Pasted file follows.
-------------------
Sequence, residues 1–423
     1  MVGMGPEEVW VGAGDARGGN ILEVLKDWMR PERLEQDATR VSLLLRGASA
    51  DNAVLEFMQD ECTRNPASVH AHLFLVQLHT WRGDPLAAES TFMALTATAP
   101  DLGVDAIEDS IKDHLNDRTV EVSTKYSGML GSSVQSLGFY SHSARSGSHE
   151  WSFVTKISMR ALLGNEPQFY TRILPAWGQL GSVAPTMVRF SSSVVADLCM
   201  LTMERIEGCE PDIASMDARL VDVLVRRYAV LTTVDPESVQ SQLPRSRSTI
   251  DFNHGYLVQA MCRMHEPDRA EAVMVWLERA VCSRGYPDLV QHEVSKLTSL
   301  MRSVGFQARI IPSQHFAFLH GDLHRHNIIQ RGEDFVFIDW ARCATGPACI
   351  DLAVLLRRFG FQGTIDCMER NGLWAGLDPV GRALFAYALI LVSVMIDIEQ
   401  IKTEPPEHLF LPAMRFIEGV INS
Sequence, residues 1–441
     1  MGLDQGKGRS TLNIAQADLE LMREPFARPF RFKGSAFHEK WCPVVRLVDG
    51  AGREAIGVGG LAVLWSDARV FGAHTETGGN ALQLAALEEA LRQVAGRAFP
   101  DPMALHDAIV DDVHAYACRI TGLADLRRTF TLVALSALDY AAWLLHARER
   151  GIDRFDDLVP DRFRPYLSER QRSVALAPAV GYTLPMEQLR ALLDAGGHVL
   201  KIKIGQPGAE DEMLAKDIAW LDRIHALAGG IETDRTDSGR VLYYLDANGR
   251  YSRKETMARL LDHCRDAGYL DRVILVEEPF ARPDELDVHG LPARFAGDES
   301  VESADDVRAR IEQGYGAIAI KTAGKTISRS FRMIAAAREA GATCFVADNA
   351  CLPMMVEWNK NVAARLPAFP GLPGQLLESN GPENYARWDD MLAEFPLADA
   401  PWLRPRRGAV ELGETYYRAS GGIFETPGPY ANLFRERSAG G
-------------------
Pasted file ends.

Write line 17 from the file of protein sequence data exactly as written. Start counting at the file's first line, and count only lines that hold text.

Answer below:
   251  YSRKETMARL LDHCRDAGYL DRVILVEEPF ARPDELDVHG LPARFAGDES